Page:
Types of Teen Bullying and Prevention

When the word bullying is mentioned, perhaps an image comes to mind or a general idea of what bullying looks like. Perhaps you recall the classic bullying scene in A Christmas Story, where Ralphie punches a classmate who is emotionally abusive. Since that classic scene of the early 1980’s, bullying has become more and more of a problem and various types of bullying have been identified.


For instance, there is cyber bullying, gay bullying, verbal bullying, text bullying, and female bullying. Bullying continues to be a severe problem within schools across the United States. According to the National Bullying Prevention Center, one out of every three students will experience bullying every year. A recent article published in the Journal of the American Medical AssociationPsychiatry indicated that victims of teen bullying are at increased risk for emotional disorders in adulthood, and that bullies as well as victims of bullying are at the highest risk to think about and plan suicide. Furthermore, the relationship between bullying and mental illnesses were confirmed in a study done by Duke University last spring, revealing that effects of bullying are long lasting for both the victim and the bully.


This article will provide definitions of various types of teen bullying as well as the differences between bullying versus violence and bullying versus name-calling.


Bullying is the overt behavior of a teen to belittle a child, teen, or adult and to make that person feel inadequate. It can include harassment, physical harm, demeaning speech and efforts to ostracize that person. Bullying is an active behavior and is done with intention to harm another, whether physically or emotionally. The bully often expresses aggression because he or she feels jealous, insecure, out of control, or simply, not good enough. The target is the recipient of a bully’s aggression. Often, the target feels as though he or she deserves the harsh treatment, that it’s his or her fault, or feels powerless. Teaching him or her to take back control in order to stop the bullying can at times be effective.


Cyber Bullying happens when a teen or child is harassed, embarrassed, threatened, or tormented using digital technology. As the Internet becomes more and more popular as a means of communication, the web and social media are becoming a venue for bullying.  It often happens more than once and includes the use of texting or cellular phones to post images or text on the web. For instance, an image and demeaning messages might be posted on Facebook (social bullying), uploading embarrassing images, or spreading gossip or rumors through instant or text messaging. There are a number of ways to cause humiliation for another person on the way if someone had the intention to do so. (It should be noted that when adults are harassing children or teens, it is known as cyber harassment or cyber stalking and has different legal consequences.)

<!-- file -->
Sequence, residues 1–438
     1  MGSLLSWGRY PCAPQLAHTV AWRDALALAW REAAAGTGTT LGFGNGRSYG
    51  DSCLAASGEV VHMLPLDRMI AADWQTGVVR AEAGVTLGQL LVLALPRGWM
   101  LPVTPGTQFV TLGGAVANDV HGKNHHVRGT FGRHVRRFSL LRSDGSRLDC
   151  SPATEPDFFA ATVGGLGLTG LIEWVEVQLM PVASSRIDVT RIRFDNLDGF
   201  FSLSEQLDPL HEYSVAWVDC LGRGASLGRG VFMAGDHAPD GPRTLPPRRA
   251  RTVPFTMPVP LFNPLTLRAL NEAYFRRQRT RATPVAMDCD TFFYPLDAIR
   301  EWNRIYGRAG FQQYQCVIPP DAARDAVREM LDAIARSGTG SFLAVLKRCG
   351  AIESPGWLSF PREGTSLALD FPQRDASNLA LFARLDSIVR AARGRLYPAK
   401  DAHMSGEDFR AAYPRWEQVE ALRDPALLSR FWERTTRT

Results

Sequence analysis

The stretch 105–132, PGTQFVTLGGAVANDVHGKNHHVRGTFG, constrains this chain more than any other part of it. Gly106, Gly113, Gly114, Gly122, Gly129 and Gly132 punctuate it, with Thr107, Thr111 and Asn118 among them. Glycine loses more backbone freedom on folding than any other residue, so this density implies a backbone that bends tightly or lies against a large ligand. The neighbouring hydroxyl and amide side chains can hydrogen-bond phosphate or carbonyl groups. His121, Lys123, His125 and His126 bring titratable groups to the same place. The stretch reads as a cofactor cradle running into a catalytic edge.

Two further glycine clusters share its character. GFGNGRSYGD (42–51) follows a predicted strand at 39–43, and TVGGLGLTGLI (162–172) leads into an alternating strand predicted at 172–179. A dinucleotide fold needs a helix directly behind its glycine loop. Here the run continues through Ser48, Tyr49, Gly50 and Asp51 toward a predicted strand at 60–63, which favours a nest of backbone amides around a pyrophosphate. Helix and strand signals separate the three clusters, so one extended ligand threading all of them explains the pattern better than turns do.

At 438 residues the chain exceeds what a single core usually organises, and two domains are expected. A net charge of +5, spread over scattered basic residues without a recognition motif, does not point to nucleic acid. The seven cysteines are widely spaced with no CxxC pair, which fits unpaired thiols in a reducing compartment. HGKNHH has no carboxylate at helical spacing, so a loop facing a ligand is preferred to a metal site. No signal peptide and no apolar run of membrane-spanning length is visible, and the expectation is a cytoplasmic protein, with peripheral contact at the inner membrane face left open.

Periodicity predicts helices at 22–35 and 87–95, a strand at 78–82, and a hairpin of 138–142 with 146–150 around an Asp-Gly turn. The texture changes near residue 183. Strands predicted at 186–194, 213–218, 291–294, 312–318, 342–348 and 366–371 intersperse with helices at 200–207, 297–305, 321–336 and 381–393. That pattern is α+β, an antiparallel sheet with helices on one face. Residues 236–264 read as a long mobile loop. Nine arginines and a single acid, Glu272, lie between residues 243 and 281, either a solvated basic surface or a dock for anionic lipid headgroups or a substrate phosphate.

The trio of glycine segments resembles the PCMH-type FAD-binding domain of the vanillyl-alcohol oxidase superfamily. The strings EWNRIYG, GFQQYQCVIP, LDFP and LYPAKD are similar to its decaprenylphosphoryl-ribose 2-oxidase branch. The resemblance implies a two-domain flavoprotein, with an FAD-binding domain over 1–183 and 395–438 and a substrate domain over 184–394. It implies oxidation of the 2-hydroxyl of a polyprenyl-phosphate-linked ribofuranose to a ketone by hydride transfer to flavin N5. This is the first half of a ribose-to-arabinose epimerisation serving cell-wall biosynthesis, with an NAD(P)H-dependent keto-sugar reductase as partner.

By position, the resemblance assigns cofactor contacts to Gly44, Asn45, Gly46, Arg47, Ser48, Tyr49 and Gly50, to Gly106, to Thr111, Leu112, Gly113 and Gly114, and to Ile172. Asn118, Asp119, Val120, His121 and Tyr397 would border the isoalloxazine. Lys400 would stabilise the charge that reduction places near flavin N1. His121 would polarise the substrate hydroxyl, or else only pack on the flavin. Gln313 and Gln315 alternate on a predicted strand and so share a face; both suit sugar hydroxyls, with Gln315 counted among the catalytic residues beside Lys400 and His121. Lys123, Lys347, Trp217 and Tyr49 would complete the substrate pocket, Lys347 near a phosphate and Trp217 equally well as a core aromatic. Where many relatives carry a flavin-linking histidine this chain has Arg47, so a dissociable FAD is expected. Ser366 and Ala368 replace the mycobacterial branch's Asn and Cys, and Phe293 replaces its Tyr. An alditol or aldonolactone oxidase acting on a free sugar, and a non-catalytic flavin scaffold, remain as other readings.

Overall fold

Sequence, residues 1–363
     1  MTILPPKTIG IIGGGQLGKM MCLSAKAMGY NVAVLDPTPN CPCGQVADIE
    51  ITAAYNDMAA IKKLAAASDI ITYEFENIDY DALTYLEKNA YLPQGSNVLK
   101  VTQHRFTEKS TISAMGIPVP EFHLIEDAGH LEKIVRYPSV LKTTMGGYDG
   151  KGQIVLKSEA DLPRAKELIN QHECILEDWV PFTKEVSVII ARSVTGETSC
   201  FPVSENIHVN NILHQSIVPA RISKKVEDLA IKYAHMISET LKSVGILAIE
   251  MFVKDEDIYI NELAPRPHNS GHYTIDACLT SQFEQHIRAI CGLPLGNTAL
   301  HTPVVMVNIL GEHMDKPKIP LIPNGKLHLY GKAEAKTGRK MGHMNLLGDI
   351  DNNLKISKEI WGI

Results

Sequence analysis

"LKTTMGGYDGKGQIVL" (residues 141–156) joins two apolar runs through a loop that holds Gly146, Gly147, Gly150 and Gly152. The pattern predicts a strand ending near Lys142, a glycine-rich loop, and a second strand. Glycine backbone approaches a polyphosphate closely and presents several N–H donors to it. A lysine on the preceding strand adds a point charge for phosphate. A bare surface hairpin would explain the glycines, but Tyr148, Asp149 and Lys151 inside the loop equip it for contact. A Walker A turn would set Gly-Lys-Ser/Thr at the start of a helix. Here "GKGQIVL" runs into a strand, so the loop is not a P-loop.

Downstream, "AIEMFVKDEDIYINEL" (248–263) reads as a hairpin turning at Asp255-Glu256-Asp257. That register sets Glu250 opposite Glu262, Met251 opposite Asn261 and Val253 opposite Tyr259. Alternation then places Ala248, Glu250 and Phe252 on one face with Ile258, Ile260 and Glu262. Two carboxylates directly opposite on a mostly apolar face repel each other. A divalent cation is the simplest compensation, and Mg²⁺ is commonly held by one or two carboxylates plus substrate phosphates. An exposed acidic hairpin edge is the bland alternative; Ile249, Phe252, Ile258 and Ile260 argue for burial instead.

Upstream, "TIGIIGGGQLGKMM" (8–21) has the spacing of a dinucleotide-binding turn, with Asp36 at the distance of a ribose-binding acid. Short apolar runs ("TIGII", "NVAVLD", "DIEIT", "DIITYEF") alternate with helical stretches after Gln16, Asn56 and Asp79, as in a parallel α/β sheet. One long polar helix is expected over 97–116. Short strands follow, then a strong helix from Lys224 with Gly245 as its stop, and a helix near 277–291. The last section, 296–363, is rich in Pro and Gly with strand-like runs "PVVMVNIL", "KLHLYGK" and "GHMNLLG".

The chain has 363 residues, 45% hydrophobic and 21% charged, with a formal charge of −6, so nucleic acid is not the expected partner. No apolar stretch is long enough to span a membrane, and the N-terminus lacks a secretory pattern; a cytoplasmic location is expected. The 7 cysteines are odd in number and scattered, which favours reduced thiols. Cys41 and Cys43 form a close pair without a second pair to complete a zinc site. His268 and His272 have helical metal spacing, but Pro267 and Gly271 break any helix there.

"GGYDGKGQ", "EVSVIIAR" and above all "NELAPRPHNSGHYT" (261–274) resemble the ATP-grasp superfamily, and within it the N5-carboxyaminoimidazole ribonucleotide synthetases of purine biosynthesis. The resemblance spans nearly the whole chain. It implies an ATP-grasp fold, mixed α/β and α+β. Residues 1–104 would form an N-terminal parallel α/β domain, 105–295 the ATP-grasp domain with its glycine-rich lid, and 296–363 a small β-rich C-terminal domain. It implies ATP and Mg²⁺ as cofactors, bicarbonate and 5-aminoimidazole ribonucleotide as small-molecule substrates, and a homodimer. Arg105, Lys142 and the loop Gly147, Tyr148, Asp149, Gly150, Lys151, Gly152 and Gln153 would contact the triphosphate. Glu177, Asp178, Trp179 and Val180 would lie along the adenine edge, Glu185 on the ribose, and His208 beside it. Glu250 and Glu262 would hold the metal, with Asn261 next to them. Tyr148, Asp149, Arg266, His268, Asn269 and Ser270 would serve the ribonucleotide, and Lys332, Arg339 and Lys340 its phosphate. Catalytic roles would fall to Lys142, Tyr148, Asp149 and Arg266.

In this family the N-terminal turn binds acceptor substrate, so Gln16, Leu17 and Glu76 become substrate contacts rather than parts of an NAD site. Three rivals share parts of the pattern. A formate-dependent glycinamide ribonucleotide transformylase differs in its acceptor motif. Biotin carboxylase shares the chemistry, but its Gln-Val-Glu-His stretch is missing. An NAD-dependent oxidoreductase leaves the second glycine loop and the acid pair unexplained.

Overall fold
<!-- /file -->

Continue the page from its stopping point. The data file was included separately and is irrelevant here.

Text Bullying is similar to cyber bullying discussed above. It is the use of texting to harass another person. Text bullying has some unique distinctions from other types of bullying. For instance, it can happen 24 hours a day. Whereas previously, children and teens might have found refuge from bullying at home, this is no longer the case. Also, text bullying can sometimes be more severe because the bully is not able to see their victim.


Female Bullying is when a male bully is harassing a female victim. Although this has been going on for many years and is not new, with the rise of bullying in general, this form of bullying is noticed more and more.


Finally, there are differences between bullying versus violence and bullying versus name-calling. Violence is for the most part is decreasing in America, and it is against the law. However cases of teen bullying are on the rise, and in general, bullying is not illegal unless it crosses the line into assault. Name-calling is often how bullying begins but there is a fine line that is crossed to consider certain behavior as bullying. Often, children or teens might joke or make silly names for one another, sometimes even out of affection or friendship. However, when the intent behind the name-calling is to humiliate or cause harm, it could be considered bullying.


Bullying continues to be a severe concern in the United States. As a result, there are a number of national endeavors that are aimed to prevent and reduce all types of bullying in this country.





Bullying Statistics. Teenage Bullying. Retrieved on April 24, 2014 from: http://www.bullyingstatistics.org/content/teenage-bullying.html